A business continuity plan is arguably one of the most vital aspects of business management. Organisations often neglect the importance of a business continuity plan until an unplanned interruption happens, and by then, it is way too late.
Unforeseen circumstances such as power outages, cyberattacks, and most of all, a global pandemic can disrupt normal business operations and cause immense, costly downtime for organisations of all sizes and industries. Such disruptions can be devastating in today’s age of digitalisation, where businesses depend on technology to function seamlessly.
With an effective business continuity plan in place, companies can quickly identify risks and act accordingly to mitigate downtime and revenue loss.
A business continuity plan or BCP refers to a document that outlines how your business will continue its operations during unexpected disruptions such as natural disasters (bushfires, floods) and or a cyber breach. More comprehensive than a disaster recovery plan, a BCP contains contingencies for every single aspect of the company that might be affected.
Business continuity plans usually comprise an equipment and supply checklist, backup site locations, and database backups. It identifies plan administrators, management systems and contains information for emergency responders, backup site suppliers, and key personnel to contact in the event of a disruption.
Plans can also include both long and short-term strategies for managing the disruption. A key component to a business continuity management system is handling technological disruptions to networks, personal computers, mobile devices, and servers. Visit the Australian Business community website for more information on how to create an effective business continuity plan.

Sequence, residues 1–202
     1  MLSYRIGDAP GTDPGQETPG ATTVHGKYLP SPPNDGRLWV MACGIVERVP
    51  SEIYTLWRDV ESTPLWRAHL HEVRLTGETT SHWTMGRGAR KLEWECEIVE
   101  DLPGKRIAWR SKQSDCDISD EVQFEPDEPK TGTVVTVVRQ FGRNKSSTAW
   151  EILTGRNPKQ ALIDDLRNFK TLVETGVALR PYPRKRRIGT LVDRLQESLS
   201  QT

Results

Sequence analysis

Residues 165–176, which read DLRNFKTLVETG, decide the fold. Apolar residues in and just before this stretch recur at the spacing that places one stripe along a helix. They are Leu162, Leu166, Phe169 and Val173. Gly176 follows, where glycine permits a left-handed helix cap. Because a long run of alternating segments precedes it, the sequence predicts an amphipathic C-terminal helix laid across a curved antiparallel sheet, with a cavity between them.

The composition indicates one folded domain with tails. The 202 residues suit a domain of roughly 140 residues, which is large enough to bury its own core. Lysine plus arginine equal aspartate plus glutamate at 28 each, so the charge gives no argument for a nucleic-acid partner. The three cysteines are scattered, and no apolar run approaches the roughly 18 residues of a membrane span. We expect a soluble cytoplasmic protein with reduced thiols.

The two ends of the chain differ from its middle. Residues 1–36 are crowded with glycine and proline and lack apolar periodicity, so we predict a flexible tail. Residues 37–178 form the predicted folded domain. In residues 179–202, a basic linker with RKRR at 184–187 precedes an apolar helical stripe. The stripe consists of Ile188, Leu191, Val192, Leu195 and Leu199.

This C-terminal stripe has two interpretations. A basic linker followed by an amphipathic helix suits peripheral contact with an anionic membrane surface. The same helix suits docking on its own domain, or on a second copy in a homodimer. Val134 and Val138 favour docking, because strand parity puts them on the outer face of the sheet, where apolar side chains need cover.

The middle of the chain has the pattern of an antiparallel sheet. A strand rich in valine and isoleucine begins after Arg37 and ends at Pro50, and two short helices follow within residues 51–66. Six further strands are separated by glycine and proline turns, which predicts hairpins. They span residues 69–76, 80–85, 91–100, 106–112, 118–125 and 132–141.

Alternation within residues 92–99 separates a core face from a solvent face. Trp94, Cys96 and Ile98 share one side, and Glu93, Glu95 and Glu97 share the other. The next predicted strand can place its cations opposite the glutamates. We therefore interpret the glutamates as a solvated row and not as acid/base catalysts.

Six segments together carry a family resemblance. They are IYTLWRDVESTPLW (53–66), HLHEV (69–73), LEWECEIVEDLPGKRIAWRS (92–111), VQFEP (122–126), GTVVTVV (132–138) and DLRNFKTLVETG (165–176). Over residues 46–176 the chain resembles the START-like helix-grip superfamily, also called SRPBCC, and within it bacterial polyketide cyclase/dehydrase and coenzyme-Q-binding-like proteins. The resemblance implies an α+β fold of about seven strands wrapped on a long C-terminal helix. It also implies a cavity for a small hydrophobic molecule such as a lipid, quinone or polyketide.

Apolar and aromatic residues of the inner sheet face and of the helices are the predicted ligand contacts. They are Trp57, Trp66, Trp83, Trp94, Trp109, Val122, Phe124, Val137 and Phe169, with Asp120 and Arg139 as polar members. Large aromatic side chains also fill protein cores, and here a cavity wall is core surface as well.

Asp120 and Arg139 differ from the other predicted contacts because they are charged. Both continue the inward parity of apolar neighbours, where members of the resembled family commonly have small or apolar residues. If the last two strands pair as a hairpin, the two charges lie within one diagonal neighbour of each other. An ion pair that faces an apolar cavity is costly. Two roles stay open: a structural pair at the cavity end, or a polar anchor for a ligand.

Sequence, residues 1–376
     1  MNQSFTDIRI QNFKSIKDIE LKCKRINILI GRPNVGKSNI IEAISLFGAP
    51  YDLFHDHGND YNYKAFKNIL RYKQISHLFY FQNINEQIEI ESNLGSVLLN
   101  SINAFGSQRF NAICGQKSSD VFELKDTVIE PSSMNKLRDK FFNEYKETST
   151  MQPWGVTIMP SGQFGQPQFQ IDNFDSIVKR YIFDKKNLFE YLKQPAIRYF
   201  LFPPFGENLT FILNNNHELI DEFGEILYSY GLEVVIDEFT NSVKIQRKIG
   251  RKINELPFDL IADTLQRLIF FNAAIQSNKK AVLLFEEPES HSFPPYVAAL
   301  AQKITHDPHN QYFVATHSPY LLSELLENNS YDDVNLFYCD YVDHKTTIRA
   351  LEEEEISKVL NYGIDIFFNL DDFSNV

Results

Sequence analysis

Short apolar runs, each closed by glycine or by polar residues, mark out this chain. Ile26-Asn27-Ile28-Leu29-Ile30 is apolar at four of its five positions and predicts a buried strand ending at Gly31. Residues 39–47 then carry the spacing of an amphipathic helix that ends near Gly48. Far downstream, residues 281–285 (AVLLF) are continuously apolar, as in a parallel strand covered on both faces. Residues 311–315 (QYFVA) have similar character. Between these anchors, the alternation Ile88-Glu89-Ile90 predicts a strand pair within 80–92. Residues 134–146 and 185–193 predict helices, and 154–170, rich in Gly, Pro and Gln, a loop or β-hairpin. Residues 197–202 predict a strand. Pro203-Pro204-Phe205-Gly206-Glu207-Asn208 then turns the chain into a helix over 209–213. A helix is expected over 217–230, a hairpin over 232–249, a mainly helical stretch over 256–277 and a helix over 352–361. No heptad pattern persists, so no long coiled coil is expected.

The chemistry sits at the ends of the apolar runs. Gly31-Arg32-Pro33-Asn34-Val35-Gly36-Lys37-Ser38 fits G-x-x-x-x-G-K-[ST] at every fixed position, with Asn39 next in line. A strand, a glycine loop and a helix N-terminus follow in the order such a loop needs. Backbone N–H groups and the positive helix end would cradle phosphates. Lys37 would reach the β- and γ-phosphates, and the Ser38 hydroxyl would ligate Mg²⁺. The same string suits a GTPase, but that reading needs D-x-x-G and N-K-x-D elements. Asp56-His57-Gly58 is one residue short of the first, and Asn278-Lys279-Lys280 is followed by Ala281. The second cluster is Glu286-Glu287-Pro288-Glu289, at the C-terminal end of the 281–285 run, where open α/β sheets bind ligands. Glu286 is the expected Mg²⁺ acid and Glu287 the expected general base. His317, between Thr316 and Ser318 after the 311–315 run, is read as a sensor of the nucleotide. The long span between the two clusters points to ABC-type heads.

Keeping a business going is crucial to the bottom line. A critical disaster can cost your business thousands if not millions of dollars in revenue loss. How quickly you get up and running to earn revenue again depends on your organisation’s response to a vast range of disruptions that can threaten your business’ financial success.
Cyberattacks are becoming increasingly common and sophisticated. Over the 2020–21 financial year, the Australian Cyber Security Centre (ACSC) received more than 67,500 cybercrime reports. That’s a 13% increase from the previous year, with self-reported losses from cybercrime totalling more than AU$33 billion.
Protecting business data such as confidential customer and employee information is of utmost importance, especially as the severity of data breaches increases.
About 79% of consumers surveyed are concerned about data security and privacy laws. An efficient business continuity strategy will show your customers that your company is more than capable of managing and recovering from disruption, thus boosting customer confidence.
In addition, a BCP allows you to prepare ahead of time, with protocols in place to anticipate and attend to customer requirements during emergencies. Hence, a good business continuity plan is essential for continuously delivering quality service and maintaining customer satisfaction throughout uncertainty.
All employers in Australia are legally required to manage the health and safety of employees in the workplace. Without a business continuity strategy to mitigate risks, businesses may be prosecuted and fined for not protecting staff adequately. Hence, while developing and implementing a BCP may be time-consuming, it is ultimately worth it in the long run for business growth and success.
A business continuity plan helps you step back and look at your company's strengths and weaknesses, effectively assessing risks that could impact your business in an emergency. By protecting the integrity of your business, you are also building a good rapport with employees, business partners and stakeholders, which serves as an invaluable competitive advantage.